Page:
ENRC scraps divi after recording a loss in 2012

Eurasian Natural Resources Corporation, or ENRC, labelled 2012 as a 'challenging year' as a swing into the red led to the miner scrapping its final dividend.

Eurasian Natural Resources Corporation, or ENRC, labelled 2012 as a 'challenging year' as a swing into the red led to the miner scrapping its final dividend.

The resources giant recorded a loss before tax of $550m, down from a profit of $2.76bn the year before, as it took impairment charges and an onerous contract provision totalling $1.54bn.

Some $608m of the impairments were due to a write-down in the value of its aluminium assets which reflected the "deteriorating conditions of the aluminium market and increasing inflationary pressure on key cost items", the company said.

Meanwhile, the cost of sales was up 6.0% at $3.72m due to higher depreciation.

This resulted in a basic loss per share of 62 cents, compared with earnings per share (EPS) of 153 cents in 2011. Adjusted EPS fell from 155 cents to 41 cents.

Revenue declined by 18% over the year from $7.71bn to $6.32bn as a result of a "poor pricing environment". Some $1.24bn of this reduction was blamed on lower commodity prices in 2012, while lower sales volumes of ferroalloys and alumina also had an effect.

The company did not propose a final dividend, compared to the 18 cents-a-share dividend the year before. Its payout ratio fell to 16% (from 18% in 2011) based on the interim dividend of 6.5 cents paid at the half-year stage.

Chief Executive Officer Felix Vulis said: "2012 was a challenging year for the group, with deteriorating prices having materially impacted our earnings. However, management's performance partially countered these declines by containing inflationary pressures and maximising output from our key divisions in Kazakhstan."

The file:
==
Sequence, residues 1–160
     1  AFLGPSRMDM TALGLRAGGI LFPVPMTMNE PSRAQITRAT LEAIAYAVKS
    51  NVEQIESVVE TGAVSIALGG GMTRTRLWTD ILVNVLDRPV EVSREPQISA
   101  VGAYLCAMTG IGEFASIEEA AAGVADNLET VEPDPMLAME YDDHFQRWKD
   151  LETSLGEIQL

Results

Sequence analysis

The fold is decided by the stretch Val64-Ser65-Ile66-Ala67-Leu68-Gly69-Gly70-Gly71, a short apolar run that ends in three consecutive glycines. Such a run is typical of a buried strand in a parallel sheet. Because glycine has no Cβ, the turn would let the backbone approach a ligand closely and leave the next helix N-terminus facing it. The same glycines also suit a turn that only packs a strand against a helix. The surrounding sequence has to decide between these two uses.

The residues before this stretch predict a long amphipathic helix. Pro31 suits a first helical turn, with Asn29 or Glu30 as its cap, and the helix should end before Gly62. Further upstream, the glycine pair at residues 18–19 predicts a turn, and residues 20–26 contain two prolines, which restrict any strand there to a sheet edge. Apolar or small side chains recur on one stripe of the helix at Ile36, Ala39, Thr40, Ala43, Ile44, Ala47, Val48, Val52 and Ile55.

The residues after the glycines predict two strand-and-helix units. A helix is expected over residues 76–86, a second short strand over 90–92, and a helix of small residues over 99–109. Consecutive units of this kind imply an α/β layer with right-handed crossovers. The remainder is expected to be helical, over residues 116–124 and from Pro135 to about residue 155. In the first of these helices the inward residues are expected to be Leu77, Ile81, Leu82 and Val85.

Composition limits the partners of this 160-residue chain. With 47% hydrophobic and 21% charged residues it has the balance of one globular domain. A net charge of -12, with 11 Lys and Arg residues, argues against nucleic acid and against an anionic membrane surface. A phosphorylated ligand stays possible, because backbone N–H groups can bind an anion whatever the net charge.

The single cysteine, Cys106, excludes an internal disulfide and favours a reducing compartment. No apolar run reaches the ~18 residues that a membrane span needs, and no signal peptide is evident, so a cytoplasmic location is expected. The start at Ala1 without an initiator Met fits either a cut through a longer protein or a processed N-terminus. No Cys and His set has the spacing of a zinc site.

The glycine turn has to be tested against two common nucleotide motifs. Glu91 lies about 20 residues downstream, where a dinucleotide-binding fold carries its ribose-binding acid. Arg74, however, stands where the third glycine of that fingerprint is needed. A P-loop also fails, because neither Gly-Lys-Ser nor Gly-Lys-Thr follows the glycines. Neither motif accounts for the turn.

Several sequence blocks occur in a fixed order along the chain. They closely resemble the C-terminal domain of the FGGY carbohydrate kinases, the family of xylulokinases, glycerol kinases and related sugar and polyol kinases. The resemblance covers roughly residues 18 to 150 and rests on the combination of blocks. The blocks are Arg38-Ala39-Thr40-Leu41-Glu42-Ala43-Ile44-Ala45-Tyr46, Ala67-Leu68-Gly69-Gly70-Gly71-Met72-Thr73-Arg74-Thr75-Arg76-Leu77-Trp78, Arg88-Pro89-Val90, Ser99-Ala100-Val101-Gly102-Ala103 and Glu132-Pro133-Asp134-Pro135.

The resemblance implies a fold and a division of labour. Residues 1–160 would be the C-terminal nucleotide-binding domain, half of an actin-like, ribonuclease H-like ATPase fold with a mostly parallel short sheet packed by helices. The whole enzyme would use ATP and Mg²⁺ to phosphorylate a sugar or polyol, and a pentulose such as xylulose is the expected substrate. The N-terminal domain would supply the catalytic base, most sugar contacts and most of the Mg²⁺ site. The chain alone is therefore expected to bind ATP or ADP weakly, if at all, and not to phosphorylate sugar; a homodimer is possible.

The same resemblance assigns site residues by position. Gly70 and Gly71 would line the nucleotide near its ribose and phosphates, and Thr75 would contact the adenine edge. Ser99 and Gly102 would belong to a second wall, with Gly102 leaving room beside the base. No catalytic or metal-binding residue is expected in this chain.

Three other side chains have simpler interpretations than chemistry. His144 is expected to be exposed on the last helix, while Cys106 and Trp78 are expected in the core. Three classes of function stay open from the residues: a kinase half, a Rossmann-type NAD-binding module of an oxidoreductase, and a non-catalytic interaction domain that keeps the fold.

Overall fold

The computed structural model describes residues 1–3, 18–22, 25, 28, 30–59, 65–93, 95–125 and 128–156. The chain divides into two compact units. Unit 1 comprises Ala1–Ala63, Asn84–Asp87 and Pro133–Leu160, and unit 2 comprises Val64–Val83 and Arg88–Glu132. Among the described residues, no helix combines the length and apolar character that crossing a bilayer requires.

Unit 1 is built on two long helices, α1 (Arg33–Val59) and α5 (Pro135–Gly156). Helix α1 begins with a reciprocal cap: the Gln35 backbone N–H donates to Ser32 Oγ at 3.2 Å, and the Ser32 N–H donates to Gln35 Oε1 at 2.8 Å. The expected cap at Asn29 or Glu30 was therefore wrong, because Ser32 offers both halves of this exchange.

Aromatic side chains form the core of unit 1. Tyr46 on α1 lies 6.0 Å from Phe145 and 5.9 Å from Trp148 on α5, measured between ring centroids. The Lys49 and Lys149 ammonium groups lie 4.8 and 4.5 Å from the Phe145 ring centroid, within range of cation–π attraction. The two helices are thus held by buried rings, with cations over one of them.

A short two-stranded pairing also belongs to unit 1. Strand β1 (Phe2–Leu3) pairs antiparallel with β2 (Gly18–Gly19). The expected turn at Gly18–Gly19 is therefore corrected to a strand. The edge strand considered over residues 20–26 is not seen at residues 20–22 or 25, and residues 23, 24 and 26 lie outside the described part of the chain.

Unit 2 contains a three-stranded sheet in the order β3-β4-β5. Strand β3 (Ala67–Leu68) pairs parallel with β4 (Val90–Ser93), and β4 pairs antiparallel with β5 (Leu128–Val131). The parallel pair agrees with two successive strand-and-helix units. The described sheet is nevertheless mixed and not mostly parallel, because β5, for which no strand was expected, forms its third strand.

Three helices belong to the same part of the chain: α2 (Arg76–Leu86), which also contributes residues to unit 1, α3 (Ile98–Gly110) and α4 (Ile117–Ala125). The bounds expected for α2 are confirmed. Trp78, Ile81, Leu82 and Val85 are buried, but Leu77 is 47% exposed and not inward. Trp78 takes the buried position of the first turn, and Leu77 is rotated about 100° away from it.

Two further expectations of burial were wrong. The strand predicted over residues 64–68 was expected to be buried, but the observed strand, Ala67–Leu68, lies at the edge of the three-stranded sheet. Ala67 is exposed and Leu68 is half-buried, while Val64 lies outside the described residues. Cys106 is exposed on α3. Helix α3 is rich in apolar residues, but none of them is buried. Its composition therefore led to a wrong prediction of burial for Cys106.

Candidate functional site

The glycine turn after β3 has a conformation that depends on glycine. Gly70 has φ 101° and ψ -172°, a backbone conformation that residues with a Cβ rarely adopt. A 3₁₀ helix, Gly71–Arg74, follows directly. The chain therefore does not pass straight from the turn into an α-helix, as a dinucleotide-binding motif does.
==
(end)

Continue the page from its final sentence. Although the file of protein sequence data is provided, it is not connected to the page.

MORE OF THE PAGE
Debt soars; balance sheet a priorityNet debt soared to $5.14bn at the end of the period, up from just $0.97bn in 2011 and ahead of Credit Suisse's $5.0bn estimate

ENRC secured an additional $3.0bn of bank facilities in 2012 and issued a three-year $500m bond to fund capital expenditure and acquisition. It refinanced its revolving credit facility in February, increasing it to $500m and extending the maturity to 2015 and is said to be at an "advanced stage of negotiation" over a new $700m debt facility.

"The management of our balance sheet remains a priority and we have a firm plan in place to fund our immediate development plans, increase production volumes and reduce debt to a more sustainable level in the medium-term," Vulis said.

Recommended

Which assets will benefit as the “jam tomorrow” bubble pops?
Investment strategy

Which assets will benefit as the “jam tomorrow” bubble pops?

With tech stocks, cryptocurrencies and many other “long duration” investments crashing hard, the “jam tomorrow” bubble looks to be bursting. John Step…
24 Jan 2022
Three innovative Asian stocks to buy now
Share tips

Three innovative Asian stocks to buy now

Professional investor Fay Ren of the Cerno Pacific Fund highlights three of her favourite Asian stocks to buy now
24 Jan 2022
Share tips of the week – 21 January
Share tips

Share tips of the week – 21 January

MoneyWeek’s comprehensive guide to the best of this week’s share tips from the rest of the UK's financial pages.
21 Jan 2022
Seven cheap defence stocks to buy now
Share tips

Seven cheap defence stocks to buy now

We’ve got used to a world without war between major powers, but that era is coming to an end as Russia threatens Ukraine and China eyes Taiwan. Buy de…
21 Jan 2022

Most Popular

Ask for a pay rise – everyone else is
Inflation

Ask for a pay rise – everyone else is

As inflation bites and the labour market remains tight, many of the nation's employees are asking for a pay rise. Merryn Somerset Webb explains why yo…
17 Jan 2022
Shareholder capitalism: why we must return power to listed companies’ ultimate owners
Investment strategy

Shareholder capitalism: why we must return power to listed companies’ ultimate owners

Under our system of shareholder capitalism it's not fund managers, it‘s the individual investors – the company's ultimate owners – who should be telli…
24 Jan 2022
Interest rates might rise faster than expected – what does that mean for your money?
Global Economy

Interest rates might rise faster than expected – what does that mean for your money?

The idea that the US Federal Reserve could raise interest rates much earlier than anticipated has upset the markets. John Stepek explains why, and wha…
6 Jan 2022